“Our taxes are lower, our crime is lower, our government is more stable,” he said. “They’re completely different environments. I’m sure D.C. has a couple of its own advantages, but I would bet on this area before I would bet on D.C.”
All that might explain why Northern Virginia has four times as many Fortune 500 headquarters as the District, he said.
Rahbar says he thinks the entire D.C. region is going to continue to continue to experience economic growth, even if the federal budget is cut. Among the factors contributing to that growth is the increasing amount of money flowing into politics.
“The size of government might be shrinking, but the size of politics is also increasing at the same time — campaigns and committees and all sorts of things,” he said. “So now we have more media firms, more PR firms, more lobbyists, more lawyers. Everything is just growing, even if government contracting ends up slowing down.”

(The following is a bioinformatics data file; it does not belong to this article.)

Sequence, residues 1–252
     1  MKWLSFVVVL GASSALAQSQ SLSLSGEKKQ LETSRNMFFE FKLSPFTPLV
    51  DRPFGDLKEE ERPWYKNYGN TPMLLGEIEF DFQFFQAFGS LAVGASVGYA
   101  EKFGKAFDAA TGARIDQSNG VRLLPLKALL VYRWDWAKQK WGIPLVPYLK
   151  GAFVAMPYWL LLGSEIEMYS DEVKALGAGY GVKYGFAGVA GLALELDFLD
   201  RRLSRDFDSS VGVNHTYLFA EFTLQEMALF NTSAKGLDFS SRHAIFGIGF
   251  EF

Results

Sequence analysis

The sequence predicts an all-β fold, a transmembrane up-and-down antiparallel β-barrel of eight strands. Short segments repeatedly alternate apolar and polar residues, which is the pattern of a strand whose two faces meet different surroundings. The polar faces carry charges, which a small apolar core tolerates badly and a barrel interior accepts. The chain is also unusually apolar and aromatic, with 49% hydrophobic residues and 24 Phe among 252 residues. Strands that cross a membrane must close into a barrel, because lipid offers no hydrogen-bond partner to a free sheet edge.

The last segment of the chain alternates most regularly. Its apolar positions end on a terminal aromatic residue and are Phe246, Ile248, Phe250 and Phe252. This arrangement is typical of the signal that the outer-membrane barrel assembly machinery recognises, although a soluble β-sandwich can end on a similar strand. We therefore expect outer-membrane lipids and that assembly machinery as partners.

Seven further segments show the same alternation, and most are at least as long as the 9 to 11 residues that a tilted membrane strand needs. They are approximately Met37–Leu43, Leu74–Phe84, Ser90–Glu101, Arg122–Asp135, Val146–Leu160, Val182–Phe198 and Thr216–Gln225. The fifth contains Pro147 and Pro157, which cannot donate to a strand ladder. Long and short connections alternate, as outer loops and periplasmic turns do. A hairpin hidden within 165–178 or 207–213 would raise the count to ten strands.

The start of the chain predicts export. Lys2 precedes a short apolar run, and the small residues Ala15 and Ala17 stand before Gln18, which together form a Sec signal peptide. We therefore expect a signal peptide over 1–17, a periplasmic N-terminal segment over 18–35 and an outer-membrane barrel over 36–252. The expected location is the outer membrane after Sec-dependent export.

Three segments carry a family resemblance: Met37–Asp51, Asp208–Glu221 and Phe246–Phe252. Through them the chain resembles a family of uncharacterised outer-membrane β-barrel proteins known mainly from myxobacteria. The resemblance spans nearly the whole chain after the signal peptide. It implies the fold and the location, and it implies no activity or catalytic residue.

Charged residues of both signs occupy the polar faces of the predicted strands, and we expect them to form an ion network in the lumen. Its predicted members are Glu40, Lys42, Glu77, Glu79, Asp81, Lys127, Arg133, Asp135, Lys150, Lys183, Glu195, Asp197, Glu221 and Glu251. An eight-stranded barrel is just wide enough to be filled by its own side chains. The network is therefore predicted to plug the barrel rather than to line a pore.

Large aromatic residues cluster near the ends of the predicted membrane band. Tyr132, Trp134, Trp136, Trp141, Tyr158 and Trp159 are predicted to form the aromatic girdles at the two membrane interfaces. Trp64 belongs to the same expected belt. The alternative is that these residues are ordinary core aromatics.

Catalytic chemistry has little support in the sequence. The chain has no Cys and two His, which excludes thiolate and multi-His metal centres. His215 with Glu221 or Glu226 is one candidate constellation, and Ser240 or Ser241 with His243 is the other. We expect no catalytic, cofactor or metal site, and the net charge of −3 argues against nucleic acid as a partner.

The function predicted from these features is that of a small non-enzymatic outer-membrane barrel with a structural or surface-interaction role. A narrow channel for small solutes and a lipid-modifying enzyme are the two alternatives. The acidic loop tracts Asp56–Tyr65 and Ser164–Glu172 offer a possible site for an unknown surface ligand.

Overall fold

Arlington County Police have released surveillance video from the botched armed robbery of the 7-Eleven store near the intersection of Columbia Pike and S. George Mason Drive.
The robbery attempt happened at about 3:25 a.m. on Sunday, Aug. 19.
The video shows an approximately 5’8″ tall white male enter the store wearing a hooded sweatshirt and a bandana over his face, while pointing a handgun at the store clerk. A second suspect, a 5’7″ tall black male in a white v-neck t-shirt, then enters the store behind the first suspect and appears to throw some sort of firecracker.
The fireworks made a loud bang and startled the suspects, the clerk later told police, and the two men ran from the scene empty-handed. Arlington police are asking for the public’s help in identifying the suspects.
“Anyone with information on the identities of these individuals is asked to contact Detective John Donaggio at 703.228.4167 or [email protected],” a police press release said. “To report information anonymously, contact the Arlington County Crime Solvers at 866.411.TIPS (8477).”